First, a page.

Drive (or ATV) your way to fitness


As of September 2017, new Sweat Science columns are being published at Check out my bestselling new book on the science of endurance, ENDURE: Mind, Body, and the Curiously Elastic Limits of Human Performance, published in February 2018 with a foreword by Malcolm Gladwell.

- Alex Hutchinson (@sweatscience)


A few eyebrows were raised when NASCAR champ Jimmie Johnson was named AP Athlete of the Year last month. Johnson defended his athleticism, saying:

So to anyone who wants to go head-to-head with me in athletic ability, let’s go. I talked a lot with Jason Sehorn about this, and I don’t know how exactly you measure athletic ability, but I know my five-mile run time [of 34 minutes, 55 seconds] will destroy most NFL players.

Anyway, that debate popped to mind when I noticed this paper among the list accepted for future publication in Medicine & Science in Sports & Exercise: “The Physiological Demands of Off-Road Vehicle Riding.” Researchers measured strength and oxygen consumption of 56 ATV drivers and 72 off-road motorcyclists during a 48-minute ride. They found that ATV drivers were breathing hard enough to indicate they were getting a workout about 14% of the time; the motorcyclists were puffing 38% of the time. Also, their muscles got tired, particularly in the upper body. The conclusion:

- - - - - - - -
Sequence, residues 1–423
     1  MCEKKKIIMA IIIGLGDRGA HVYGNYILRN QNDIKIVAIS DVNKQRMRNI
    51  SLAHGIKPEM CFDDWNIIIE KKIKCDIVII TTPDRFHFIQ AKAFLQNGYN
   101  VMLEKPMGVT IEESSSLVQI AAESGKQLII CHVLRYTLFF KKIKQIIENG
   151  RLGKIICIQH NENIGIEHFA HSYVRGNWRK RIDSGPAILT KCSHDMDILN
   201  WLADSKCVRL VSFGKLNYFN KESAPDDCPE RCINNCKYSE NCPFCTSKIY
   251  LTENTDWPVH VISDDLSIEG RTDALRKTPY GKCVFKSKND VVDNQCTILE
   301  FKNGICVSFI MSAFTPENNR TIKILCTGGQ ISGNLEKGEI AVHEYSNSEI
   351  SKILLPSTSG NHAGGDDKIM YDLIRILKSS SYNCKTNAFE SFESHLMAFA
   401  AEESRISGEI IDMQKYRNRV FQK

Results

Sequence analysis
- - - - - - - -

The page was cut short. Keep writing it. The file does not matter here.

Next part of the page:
Based on the measured metabolic demands, evidence of muscular strength requirements, and the associated caloric expenditures with off-road vehicle riding, this alternative form of activity conforms to recommended physical activity guidelines and could be effective for achieving beneficial changes in health and fitness.

What to say about this? Well, given that one of the other papers accepted was yet another examination of whether active video games count as exercise, at least the ATVers are getting outside for their “exercise”!

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